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I am sorry that you had a bad experience here, flaming those with opposing views is not what this place is about. But to play the devils advocate, we do see many posts with the same basic theme - that ADHD is not a real, is over-diagnosed, is caused by bad parenting or personality flaws of some kind - lazyness, etc. The implication is that ADHD doesn't exist because it can't be seen on an x-ray or an MRI. "no scientific basis" fits that category. Generally the people posting this information are not doing so in an effort to help those of us on this forum. They have thier own agendas - some try to provoke a fight, other's are "Hubbardites" with a religious agenda ($$$$$$) , whatever.
After a while, it does start to pi$$ you off. I just don't pay those posts much attention, but others respond agressively - it's only human nature - it's an attack on our belief system.
It is typical that these type of posters don't have very many posts, and all generally tend to be on the same topic - they don't have much to say about anything else.
You will find that most of the people here are very nice, helpful types that you can talk to about anything, but you might want to stay clear of the controversial topics until you have a few posts under your belt - you will be taken more seriously then, and flammed less, I suspect.
Cheers,
Greg
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  #28  
Old 08-23-05, 11:51 AM
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Quote:
Originally Posted by CynicallyNaive
Good post/thread. I do want to draw an important distinction, though:

Some, like Lynn Weiss, would argue vehemently that ADD exists as a particular brain structure but not as a disorder. (Although she objects to the term ADD, she uses it for clarity of language.) I think this is entirely plausible, as the psychological establishment is constantly evolving in its views of what is and isn't a pathology. For example, homosexuality was once considered a disorder but now (AFAICT) is not by most psychologists. Yet that doesn't preclude a genetic or physiological disposition toward homosexuality -- just that it's no longer seen as a sickness in need of a cure.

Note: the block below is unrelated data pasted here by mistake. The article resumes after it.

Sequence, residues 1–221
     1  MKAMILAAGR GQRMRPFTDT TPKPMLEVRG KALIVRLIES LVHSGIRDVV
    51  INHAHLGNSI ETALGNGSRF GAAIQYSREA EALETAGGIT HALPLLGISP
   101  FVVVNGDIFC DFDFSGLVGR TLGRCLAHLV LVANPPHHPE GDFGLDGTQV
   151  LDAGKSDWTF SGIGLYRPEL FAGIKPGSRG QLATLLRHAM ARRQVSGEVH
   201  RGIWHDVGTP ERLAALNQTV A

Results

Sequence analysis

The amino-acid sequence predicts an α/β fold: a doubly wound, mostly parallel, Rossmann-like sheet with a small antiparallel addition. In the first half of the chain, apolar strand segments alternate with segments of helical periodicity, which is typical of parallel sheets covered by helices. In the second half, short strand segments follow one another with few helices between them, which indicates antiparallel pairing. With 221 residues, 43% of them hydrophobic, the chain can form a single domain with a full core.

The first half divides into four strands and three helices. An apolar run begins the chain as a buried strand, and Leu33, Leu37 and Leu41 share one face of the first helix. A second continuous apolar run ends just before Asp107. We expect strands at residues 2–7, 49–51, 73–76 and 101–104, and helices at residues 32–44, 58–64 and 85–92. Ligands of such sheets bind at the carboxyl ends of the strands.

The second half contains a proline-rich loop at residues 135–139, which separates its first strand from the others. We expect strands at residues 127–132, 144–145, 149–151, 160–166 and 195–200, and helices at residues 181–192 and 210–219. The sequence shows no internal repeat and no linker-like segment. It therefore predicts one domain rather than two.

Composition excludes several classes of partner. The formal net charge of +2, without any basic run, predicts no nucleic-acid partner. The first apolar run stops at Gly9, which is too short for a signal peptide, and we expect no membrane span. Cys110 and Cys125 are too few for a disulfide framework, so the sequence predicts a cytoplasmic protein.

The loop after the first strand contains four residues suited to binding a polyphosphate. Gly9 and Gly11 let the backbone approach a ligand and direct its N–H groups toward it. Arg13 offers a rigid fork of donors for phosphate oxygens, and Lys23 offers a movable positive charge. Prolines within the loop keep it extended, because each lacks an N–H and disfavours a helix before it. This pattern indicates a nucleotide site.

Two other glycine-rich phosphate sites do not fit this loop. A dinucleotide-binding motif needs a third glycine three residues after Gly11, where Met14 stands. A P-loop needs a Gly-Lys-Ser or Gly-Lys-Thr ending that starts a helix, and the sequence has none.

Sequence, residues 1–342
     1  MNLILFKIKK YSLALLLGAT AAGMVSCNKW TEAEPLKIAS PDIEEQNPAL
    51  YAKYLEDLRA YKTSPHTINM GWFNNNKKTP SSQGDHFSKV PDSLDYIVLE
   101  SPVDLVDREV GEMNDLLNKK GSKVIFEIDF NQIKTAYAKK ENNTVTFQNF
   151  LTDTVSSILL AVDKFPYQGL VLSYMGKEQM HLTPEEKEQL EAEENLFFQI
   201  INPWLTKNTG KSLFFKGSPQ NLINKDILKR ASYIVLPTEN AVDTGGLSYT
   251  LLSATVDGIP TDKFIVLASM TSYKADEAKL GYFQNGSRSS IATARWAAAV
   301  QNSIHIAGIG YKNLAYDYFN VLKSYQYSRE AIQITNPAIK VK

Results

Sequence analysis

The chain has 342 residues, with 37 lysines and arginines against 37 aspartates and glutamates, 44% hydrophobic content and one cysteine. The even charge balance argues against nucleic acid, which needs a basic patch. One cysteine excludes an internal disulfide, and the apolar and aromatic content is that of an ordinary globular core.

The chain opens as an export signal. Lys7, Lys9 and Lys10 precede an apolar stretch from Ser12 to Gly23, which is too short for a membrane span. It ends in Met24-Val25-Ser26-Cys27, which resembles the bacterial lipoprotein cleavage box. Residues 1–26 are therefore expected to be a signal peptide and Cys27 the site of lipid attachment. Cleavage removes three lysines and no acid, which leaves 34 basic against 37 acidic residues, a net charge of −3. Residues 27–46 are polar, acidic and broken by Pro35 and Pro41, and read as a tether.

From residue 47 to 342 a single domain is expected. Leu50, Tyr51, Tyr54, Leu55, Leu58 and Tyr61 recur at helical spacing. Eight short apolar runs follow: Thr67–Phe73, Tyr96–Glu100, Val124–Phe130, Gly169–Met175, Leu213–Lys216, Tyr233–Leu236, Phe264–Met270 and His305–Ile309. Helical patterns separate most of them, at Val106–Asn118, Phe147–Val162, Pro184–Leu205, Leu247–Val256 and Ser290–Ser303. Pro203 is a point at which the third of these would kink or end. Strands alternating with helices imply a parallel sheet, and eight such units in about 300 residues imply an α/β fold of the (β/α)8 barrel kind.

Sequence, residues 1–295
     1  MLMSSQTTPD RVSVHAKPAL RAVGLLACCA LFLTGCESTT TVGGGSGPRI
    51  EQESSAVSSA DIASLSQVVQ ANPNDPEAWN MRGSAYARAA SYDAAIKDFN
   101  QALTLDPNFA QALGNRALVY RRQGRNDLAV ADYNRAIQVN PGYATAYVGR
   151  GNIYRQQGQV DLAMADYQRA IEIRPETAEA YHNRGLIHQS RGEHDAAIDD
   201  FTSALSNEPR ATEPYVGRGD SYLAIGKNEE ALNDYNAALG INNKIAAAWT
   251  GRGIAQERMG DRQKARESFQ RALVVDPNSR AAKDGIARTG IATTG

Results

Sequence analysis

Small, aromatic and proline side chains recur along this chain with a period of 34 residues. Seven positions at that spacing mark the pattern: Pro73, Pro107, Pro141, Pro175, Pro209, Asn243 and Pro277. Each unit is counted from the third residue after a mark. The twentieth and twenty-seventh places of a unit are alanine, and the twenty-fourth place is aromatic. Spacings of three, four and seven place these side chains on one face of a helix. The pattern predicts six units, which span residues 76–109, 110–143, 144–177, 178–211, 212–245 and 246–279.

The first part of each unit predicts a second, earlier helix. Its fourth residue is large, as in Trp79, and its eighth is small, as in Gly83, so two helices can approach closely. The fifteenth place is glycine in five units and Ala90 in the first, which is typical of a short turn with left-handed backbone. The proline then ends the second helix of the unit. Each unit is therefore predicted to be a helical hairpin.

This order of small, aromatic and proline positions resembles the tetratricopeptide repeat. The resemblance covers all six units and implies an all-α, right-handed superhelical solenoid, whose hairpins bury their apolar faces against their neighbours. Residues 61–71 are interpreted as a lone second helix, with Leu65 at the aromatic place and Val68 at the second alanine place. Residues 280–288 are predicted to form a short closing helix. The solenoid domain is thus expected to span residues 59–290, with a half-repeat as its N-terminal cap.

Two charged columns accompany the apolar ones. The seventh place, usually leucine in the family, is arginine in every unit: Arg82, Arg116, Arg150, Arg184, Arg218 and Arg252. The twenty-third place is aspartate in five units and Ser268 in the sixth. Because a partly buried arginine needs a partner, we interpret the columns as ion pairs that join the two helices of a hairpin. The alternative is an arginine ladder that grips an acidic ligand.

I'm certainly no psychologist, but from my perspective as an ADD person I see no reason why today's "disorder" shouldn't be tomorrow's... err, "mere difference".
Just kind of like to second this thought. I think those that call ADD a deficit or a gift are both wrong. I see it as a trait. The way it is used and the setting in which it is used determine whether it is a gift or deficit. Like most human traits it can be (and usually is) expressed in both positive and negative ways at various times and in various places. Just my two cents.

I really appreciated the original post mctavish. I just got that question from my dad (a lawyer), so I think I'll print this off for him. I always get this stuff mixed up in my head when I get upset that someone thinks I'm making it up -- it'll be nice to have my cheat sheet with me!

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  #29  
Old 08-23-05, 12:42 PM
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Wow, when I responded to Cynically Naive's post I hadn't read all the post that followed. I guess some folks saw something there that I didn't see and I don't really think he was actually saying.

Something can be very real with out being a disorder. I was diagnosed over a period of years by three seperate physicians as a child and by a clinical psychologist with a advanced training in identifying ADHD as an adult and don't question that I have it. Is it a disorder? Well, when I quit my job, moved far from family and friends and became a stay at home mother of two little ADDer's - yes. It created a great deficit in pretty much ever arena of my life until I got ADD specific counseling and Concerta. Was it a deficit when I was working full time, doing an internship, working on a second master's degree, and teaching weekend personal growth workshops -- all the while maintaining a 4.0 GPA before medication? Sure didn't seem like it. Time, place, circumstances, support people, and attitude have a lot to do with whether ADD is a blessing or a curse in one's life. But is it real? Absolutely!

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  #30  
Old 08-23-05, 03:08 PM
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The journal article International Consensus 2002 is THE definitve article on the "proof" of ADHD as a disorder.